Read more...

A Prayer for Wings, King's Head Theatre review - claustrophobic mother-daughter drama soars

David Nice

When Sean Mathias wrote A Prayer for Wings 35 years ago, the subject of young carers devoting their lives to parents with disabilities had just come as a revelation.

Read more...

Pages

Subscribe to theartsdesk.com

Thank you for continuing to read our work on theartsdesk.com. For unlimited access to every article in its entirety, including our archive of more than 10,000 pieces, we're asking for £3.95 per month or £30 per year. We feel it's a very good deal, and hope you do too.

To take an annual subscription now simply click here.

And if you're looking for that extra gift for a friend or family member, why not treat them to a theartsdesk.com gift subscription?

Advertising feature

★★★★★

A compulsive, involving, emotionally stirring evening – theatre’s answer to a page-turner.
The Observer, Kate Kellaway

 

Direct from a sold-out season at Kiln Theatre the five star, hit play, The Son, is now playing at the Duke of York’s Theatre for a strictly limited season.

 

★★★★★

This final part of Florian Zeller’s trilogy is the most powerful of all.
The Times, Ann Treneman

 

Written by the internationally acclaimed Florian Zeller (The Father, The Mother), lauded by The Guardian as ‘the most exciting playwright of our time’, The Son is directed by the award-winning Michael Longhurst.

 

Book by 30 September and get tickets from £15*
with no booking fee.


latest in today

Herbie Hancock, Barbican EFG London Jazz Festival review – t...

When it comes to the true jazz legends capable of filling concert...

The Crown, Series 3, Netflix review - if you want binge TV,...

Although it conforms to a realistic chronology of events, this third season of Peter Morgan’s remarkable voyage around the House of...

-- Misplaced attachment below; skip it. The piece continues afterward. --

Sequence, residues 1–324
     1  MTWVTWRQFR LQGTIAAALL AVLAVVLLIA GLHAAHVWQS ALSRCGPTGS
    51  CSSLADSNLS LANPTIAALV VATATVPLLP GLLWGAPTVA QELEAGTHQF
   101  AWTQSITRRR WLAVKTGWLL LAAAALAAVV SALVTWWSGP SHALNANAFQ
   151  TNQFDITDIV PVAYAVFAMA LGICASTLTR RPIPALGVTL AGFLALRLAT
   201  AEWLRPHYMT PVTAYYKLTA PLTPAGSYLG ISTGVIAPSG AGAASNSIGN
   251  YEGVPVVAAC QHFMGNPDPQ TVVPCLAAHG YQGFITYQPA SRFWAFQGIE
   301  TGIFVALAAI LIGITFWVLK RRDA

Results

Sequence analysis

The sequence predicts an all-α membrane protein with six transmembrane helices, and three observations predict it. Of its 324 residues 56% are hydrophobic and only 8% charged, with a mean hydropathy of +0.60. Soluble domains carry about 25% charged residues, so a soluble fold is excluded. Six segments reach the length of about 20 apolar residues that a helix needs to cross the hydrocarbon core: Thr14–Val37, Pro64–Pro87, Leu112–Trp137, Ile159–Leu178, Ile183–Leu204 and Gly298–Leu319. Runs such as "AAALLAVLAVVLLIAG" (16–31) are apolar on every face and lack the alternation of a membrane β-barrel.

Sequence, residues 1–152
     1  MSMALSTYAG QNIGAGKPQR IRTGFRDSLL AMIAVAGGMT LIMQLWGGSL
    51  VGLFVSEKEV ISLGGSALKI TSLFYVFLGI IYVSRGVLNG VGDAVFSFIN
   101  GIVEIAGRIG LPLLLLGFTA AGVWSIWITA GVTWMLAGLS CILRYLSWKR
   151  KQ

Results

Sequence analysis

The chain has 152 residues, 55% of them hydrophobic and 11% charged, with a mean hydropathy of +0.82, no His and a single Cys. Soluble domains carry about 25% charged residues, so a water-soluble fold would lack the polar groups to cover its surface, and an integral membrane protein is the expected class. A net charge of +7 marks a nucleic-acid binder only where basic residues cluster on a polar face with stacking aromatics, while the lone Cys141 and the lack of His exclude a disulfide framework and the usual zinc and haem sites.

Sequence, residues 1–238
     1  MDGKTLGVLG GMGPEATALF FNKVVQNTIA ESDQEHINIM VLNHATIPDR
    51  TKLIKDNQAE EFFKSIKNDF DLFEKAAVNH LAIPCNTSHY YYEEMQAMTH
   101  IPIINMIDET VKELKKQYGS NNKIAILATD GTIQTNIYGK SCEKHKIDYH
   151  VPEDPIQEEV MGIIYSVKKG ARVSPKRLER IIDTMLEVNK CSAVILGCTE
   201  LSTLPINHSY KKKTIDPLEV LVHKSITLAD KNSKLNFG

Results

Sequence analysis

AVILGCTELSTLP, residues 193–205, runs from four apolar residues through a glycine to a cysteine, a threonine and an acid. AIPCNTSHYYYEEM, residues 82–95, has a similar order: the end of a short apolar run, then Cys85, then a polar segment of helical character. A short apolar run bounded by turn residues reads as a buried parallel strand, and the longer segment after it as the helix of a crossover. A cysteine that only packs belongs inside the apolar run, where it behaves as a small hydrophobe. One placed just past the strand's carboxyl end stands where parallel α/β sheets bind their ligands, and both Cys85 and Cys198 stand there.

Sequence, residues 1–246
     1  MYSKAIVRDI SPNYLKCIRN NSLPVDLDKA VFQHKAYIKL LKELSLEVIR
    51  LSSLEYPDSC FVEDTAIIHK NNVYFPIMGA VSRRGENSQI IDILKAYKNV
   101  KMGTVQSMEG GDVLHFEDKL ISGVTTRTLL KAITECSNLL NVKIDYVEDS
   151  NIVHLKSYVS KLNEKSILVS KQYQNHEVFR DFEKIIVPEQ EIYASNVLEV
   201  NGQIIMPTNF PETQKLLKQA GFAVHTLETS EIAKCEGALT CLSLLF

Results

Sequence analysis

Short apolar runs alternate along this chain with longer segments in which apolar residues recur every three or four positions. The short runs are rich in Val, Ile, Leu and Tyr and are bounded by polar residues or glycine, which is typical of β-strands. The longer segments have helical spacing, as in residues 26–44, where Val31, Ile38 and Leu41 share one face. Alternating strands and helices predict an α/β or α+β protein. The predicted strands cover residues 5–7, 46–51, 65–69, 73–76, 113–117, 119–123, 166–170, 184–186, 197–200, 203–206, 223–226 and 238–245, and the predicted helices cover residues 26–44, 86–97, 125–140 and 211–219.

Stray Dogs, Park Theatre review – no fire in this historic e...

How do you begin to dramatise one of the most extraordinary conversations of the 20th century between two of its most charismatic and complex...

O/Modernt Soloists, Sonoro Ensemble, Wimbledon International...

If you're going to run a music festival with flair, it's...

CD: Beck - Hyperspace

Beck stands on the front cover of his new album Hyperspace with a...

The Best Films Out Now

There are films to meet every taste in theartsdesk's guide to the best movies currently on release. In our considered opinion, any of the titles...

Ted Gioia: Music: A Subversive History review – an informati...

People who derive comfort from Classic FM’s strapline that European classical music is “The World's Greatest Music" are going to have a major...

Reissue CDs Weekly: The Clash - London Calling

In a first for this column, what’s cropping up is a cassette...

Jazz Voice, Royal Festival Hall - engulfing beauty and hidde...

Jazz Voice unfailingly supplies a gigantic sugar-rush of auditory pleasure, and this year’s edition was no exception. Arranged, scored and...

Orphée, English National Opera review – through a screen dar...

Like almost everything that it touches these days, English National Opera’s autumn season of shows rooted in the Orpheus myth has enjoyed a fairly...